America's Tomahawk Missile Attack on Syria's Shayrat Air Base Was a Sham
America's interests in the region are much worse off the morning after 59 Tomahawk cruise missiles did little harm to an air base in Syria.
Shortly before two US Navy destroyers let 59 Tomahawk missiles fly, I wrote in detail about why striking Syrian dictator Bashar al Assad's forces now, in revenge for gassing his own people, was a terrible idea. After a picture of last night's missile attack on Shayrat Air Base has become clearer, I can tell you that this operation wasn't only counter-productive, it was a sham.
In an age where BS seems to comes first, and "alternative facts" have been weaponized for mass consumption on an unprecedented scale, the decision to toss $100 million worth of cruise missiles at a token target and claim doing so was a measured response for the throngs killed or hurt by Assad's heinous gas is not surprising. But the fact that so many of our leaders are playing it off as some incredible act—and so many cable news pundit generals seems just giddy to see some action to talk about—is downright troublesome.
When considering any military action, one has to weigh the many dimensions of cost versus benefits, both near and short term. Simple questions like "does this act have a true military purpose? Does this act make America more secure? Does this act bring America closer to achieving its overall goals in a region? Will this act further endanger our soldiers?" are just a few questions among many that have to be considered carefully. The attack on Shayrat Air Base fails the vast majority of these tests glaringly.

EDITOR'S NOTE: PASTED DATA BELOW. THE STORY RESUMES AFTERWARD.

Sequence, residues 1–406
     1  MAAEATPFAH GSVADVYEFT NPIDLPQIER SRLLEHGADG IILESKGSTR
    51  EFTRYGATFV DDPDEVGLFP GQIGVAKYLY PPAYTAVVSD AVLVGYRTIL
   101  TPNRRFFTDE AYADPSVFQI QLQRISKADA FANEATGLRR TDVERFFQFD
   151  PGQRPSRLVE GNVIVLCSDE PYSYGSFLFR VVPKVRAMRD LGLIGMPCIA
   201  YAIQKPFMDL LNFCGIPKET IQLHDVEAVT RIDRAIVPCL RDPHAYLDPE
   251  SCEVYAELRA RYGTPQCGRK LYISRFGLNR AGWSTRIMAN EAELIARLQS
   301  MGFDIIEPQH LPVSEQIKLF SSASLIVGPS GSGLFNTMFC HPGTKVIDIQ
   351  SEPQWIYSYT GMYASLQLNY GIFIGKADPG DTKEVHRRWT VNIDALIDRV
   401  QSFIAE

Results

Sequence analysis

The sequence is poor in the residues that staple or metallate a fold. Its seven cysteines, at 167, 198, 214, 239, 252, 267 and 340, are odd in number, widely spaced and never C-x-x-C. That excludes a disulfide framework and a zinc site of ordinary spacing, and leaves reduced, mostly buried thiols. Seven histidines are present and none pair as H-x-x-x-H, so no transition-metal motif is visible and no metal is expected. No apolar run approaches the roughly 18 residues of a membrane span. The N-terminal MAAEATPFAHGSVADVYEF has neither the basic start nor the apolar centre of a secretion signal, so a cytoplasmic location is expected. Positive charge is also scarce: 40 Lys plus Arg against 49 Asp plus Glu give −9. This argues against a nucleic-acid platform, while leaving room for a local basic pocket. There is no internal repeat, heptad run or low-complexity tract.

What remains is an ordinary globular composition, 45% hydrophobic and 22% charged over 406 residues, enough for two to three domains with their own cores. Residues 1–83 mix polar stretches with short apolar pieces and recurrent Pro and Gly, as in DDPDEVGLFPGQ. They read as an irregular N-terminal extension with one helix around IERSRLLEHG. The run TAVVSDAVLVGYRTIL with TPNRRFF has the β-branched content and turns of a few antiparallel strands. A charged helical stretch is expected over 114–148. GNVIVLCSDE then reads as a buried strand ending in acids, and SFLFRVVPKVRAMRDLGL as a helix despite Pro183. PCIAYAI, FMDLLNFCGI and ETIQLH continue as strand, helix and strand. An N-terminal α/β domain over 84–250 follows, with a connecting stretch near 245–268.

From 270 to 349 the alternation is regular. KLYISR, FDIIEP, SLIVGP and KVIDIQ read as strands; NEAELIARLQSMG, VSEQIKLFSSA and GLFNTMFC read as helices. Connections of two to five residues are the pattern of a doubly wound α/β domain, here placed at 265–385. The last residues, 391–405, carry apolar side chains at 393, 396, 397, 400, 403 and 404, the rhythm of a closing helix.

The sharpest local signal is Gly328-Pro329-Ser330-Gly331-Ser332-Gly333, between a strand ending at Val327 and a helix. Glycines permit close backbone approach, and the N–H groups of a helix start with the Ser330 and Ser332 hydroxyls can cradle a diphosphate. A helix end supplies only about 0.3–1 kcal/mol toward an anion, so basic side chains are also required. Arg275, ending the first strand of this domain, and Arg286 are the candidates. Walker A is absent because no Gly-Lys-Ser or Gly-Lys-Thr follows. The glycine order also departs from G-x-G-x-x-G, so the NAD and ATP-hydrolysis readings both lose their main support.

Unless you count old concrete as a weapon system or enemy, last night's strikes did no substantial damage to Assad's war fighting capability. A few hardened aircraft shelters were damaged, along with a handful of old tactical aircraft—their prior serviceability unknown—and some smaller buildings and miscellaneous material were harmed. The strike did not even take out the base's runway or taxiways temporarily, meaning more missions can be flown from Shayrat in the near term. Even the base's air defenses were left intact.
Some of this has to do with the fact that the Russians, which have had a strong presence at the base in recent years, were warned well in advance of the strike, and apparently the Syrians were as well. Most of the aircraft were likely moved to other locations, as were high-value materials and personnel. Killing Russians, even if they were complicit in the gas attack, is not a good thing. But if a warning made good strategic sense, why leave anything at the airfield intact after giving said warning? The answer to that question is extremely frustrating.